S&P gives Twitter debt 'junk' status

US ratings agency Standard and Poors gives social media giant Twitter's debt "junk" status, which is three notches below investment grade. S&P said Twitter's $1.8bn September debt issue - IOUs sold to investors in return for interest - were worthy of a "speculative" rating of BB-, three notches below investment grade. News of the rating sent New York listed Twitter shares tumbling nearly 6%. The social network's push for acquisitions despite slow earnings growth was behind the low rating.

Yes, doctor, i took my anti-HIV meds (but really, i didn't)

African women signed up for a trial to test pills and gels that can prevent HIV. They swore they were complying. Only they weren't. Reasons range from conspiracy theories to ... skin care.

Shell made false claims about impact of Nigeria oil spills

Amnesty International (AI) revealed court documents Thursday indicating Shell repeatedly underestimated the impact of two oil spills in Bodo, Nigeria. The documents were part of claims brought forth in a UK court by more than 15,000 people affected by oil pollution. In joint investigation reports, which determine compensation handed to communities after a spill, Shell claimed the two oil spills in October and December 2008 resulted in the discharge of about 4,000 barrels of oil combined. AI believes, however, there were more than 100,000 barrels of oil spilled in the two incidents.

Italy court reduces sentences of former Berlusconi aides

An Italian appeals court in Milan on Thursday reduced the sentences for three former aides to Silvio Berlusconi for their roles in procuring prostitutes for the former prime minister while he was in office. The convictions against former TV executive Emilio Fede and talent agent Dario Mora were modified from forcing women into prostitution to attempting to force them.

Federal judge overturns Michigan law limiting same-sex partner benefits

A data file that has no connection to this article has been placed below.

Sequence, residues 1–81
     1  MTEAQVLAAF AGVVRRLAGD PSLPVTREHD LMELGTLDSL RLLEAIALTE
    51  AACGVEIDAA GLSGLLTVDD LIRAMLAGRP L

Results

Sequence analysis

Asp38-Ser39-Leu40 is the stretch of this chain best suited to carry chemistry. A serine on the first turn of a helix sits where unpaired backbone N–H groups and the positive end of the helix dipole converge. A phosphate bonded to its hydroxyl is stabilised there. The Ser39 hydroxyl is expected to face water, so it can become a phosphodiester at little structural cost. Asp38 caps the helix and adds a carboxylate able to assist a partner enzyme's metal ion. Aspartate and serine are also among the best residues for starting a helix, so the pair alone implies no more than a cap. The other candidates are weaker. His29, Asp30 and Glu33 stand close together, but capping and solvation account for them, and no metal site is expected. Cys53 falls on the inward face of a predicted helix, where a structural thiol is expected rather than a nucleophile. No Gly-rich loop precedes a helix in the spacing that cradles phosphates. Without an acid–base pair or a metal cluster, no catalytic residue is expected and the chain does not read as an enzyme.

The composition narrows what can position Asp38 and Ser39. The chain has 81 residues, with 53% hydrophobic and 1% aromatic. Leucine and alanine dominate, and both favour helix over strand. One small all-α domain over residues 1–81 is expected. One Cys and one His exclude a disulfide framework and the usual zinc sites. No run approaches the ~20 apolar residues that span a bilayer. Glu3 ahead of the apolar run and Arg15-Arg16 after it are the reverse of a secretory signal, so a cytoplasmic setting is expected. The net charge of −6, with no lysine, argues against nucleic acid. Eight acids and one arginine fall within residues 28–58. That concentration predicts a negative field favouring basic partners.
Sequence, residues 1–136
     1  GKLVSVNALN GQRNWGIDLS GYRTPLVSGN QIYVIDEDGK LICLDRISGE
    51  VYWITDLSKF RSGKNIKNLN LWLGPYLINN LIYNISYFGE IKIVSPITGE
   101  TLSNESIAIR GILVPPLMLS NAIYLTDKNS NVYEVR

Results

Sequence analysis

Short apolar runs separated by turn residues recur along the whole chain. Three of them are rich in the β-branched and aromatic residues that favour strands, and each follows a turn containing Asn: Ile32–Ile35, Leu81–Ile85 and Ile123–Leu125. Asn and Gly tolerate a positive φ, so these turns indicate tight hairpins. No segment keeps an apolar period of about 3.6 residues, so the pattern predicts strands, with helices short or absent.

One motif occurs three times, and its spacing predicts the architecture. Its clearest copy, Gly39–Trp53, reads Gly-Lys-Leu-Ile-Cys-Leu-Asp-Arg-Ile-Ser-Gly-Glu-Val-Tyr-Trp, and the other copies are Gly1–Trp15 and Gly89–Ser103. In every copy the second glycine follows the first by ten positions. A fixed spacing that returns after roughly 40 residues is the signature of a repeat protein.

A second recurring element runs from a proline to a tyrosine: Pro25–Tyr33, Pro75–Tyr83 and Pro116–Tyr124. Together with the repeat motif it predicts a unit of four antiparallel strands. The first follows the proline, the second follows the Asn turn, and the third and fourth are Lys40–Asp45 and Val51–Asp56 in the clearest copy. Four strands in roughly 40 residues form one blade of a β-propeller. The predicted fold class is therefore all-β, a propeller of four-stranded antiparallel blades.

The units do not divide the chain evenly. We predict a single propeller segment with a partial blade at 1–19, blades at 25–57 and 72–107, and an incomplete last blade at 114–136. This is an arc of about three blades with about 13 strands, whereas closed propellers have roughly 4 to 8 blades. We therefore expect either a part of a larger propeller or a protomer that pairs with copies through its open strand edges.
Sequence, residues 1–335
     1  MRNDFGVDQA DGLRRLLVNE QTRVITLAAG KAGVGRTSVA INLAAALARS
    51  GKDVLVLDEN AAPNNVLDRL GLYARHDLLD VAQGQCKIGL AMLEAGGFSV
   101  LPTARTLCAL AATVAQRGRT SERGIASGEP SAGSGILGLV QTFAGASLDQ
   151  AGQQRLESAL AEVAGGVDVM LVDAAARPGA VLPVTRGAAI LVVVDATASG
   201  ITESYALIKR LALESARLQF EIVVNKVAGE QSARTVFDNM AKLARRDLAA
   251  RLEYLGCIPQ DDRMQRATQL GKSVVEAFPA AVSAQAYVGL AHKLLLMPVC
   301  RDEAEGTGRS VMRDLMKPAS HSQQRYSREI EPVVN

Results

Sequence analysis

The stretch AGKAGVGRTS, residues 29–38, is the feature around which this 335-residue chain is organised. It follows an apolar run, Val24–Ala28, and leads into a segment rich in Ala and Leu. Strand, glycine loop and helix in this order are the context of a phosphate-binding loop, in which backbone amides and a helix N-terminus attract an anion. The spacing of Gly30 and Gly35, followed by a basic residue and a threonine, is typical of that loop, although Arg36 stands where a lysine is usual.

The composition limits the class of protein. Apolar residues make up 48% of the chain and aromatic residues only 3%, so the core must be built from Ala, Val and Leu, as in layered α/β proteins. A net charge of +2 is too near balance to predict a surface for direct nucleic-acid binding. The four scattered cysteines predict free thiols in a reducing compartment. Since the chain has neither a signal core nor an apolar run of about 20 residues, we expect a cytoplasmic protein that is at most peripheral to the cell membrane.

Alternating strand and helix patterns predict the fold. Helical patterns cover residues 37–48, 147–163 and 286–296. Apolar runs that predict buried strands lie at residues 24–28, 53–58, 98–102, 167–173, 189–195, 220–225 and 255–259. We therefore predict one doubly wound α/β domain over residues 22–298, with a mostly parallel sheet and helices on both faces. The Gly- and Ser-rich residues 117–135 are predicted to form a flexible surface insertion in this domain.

A judge for the US District Court for the Eastern District of Michigan on Wednesday struck down a Michigan law limiting the benefits received by same-sex partners in local government and public schools.

UN renews resolution to fight piracy off Somali coast

The UN Security Council on Wednesday unanimously adopted a resolution renewing its international call to fight piracy off the coast of Somalia. Working under Chapter VII of the UN Charter, resolution 2184 (2014) calls on all able states to provide military forces to repress piracy in the region. The Security Council also continued an exemption on a 1992 arms embargo imposed on Somalia and encouraged states to adopt legal framework to facilitate the prosecution of suspected pirates. Such efforts, both inland and off the coast of Africa, have slowed the frequency of pirate attacks in the area since 2012.

  • Daily Press Review

'Steps agreed' to calm Jerusalem tensions
Al Jazeera, Doha, Qatar

7: Dubai Police teaches students
Haaretz, Liberal daily, Tel Aviv, Israel

Ba3asees Yemenia: Simple Things Innovate Real Business
BBC News, Centrist newscaster, London, England

Older people 'guess ages better'
CNN International, London, England

Schools ax religious holiday names
Daily Mail, Conservative daily, London, England

Rihanna's got swagger as bares toned tummy in crop top and funky printed tracksuit bottoms on NYC outing
Daily Mail, Conservative daily, London, England

Photos kept in family for 47 years show Che Guevara after he was killed by the Bolivian army in 1967
EuroNews, International news, Ecully Cedex, France

The deeper implications of the Ofsted Report - Actions are louder than denials
France 24, Issy-les-Moulineaux, France

Western responses to Haiyan and Ebola
Hurriyet Daily News, (Liberal, English-language), Istanbul, Turkey

Turkey could scrap controversial Chinese missile purchase: sources
Independent The, London, England

Secretary of state for conspiracy theories
Telegraph The, Conservative daily, London, England

Islamic State announces its own currency
Telegraph The, Celebrity news, London, England

ASEAN observing possibility of Timor Leste's membership: Indonesia's envoy
China Post, English-language daily, Taipei, Taiwan

60 indicted in killing of Taipei detective
Chosun Ilbo, Conservative daily, Seoul, South Korea

'Doctor with Ebola coming to US for care'
Hindustan Times, New Delhi, India

MOM 2 possible in 2018 or 2020 Isro chief
India Times, Conservative daily, New Delhi, India

China Raised Issue of US Spy Flights During Military Talks: Pentagon
Japan Times, Independent centrist, Tokyo, Japan

Survey suggests 141 children may be missing in Japan
New Zealand Herald, Conservative daily, Auckland, New Zealand

APNewsBreak: Icahn says Taj casino likely to close
Straits Times, Pro-government, Singapore

Ukraine President cancels trip over protests in eastern Ukraine